today in Ecuador, during a meeting of national coordinators of the
Community of Latin American and Caribbean States (CELAC), in which his
country responded "to a rude and unfounded statement by the Government
of Nicaragua, which makes serious accusations against Costa Rica."

This situation has made strained relations between Costa Rica and
Nicaragua even more tense, the two countries have been at odds since
2010 over territorial disputes brought before the International Court of

The Secretary for International Relations of the ruling Sandinista
National Liberation Front (FSLN), Jacinto Suarez, said it is possible
the situation will "complicate" bilateral relations, "because they have
been making some statements that seem to want to complicate things."

However, according to Sandinista deputy Carlos Emilio López, the matter
can be resolved through diplomatic channels.

"The Government of Nicaragua has a vocation for dialogue, of resolving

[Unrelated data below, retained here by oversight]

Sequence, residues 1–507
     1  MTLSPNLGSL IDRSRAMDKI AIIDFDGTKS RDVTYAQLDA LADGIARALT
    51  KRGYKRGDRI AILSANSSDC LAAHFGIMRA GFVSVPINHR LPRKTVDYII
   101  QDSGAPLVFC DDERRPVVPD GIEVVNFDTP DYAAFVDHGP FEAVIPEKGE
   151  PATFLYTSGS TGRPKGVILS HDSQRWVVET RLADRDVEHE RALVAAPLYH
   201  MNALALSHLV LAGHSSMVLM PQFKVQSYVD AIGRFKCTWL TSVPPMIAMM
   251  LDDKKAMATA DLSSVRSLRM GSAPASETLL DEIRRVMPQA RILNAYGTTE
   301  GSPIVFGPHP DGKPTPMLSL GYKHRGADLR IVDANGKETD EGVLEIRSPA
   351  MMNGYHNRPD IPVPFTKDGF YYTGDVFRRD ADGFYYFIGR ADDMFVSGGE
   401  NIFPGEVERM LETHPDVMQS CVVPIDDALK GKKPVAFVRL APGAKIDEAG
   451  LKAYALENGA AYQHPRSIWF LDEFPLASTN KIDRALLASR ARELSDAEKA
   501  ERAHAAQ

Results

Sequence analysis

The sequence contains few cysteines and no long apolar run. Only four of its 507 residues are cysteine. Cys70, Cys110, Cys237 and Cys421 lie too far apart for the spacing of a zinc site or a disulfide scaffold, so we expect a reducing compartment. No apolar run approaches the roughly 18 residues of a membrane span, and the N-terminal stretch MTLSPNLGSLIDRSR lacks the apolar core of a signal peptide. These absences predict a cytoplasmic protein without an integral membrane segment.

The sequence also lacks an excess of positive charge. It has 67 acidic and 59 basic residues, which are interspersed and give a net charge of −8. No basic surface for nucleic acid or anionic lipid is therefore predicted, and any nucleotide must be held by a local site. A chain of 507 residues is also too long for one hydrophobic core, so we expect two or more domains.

conflicts through diplomacy. We hope that the governments can sit down
together to find a solution to this situation," said the official

This episode adds to the long list of disputes that Costa Rica and
Nicaragua have maintained for years. In late 2010, Costa Rica filed a
complaint before the International Court of Justice, for Nicaragua's
alleged invasion of Costa Rican territory in Isla Portillos, also known
as Harbour Head Island, as part of a dredging project to connect the San
Juan River with the Caribbean Sea.

Nicaragua, in turn, protested a road being built by Costa Rica parallel
to the tributary, alleging damages to the San Juan river from the

Meanwhile Cubans, housed in shelters set up by the Red Cross, churches
and civil society organizations, wait near the border with Nicaragua to
continue their journey across the continent to reach the United States.

Source: Costa Rica Treats 67 Cubans Injured By The Use Of Military Force
In Nicaragua / 14ymedio, EFE | Translating Cuba -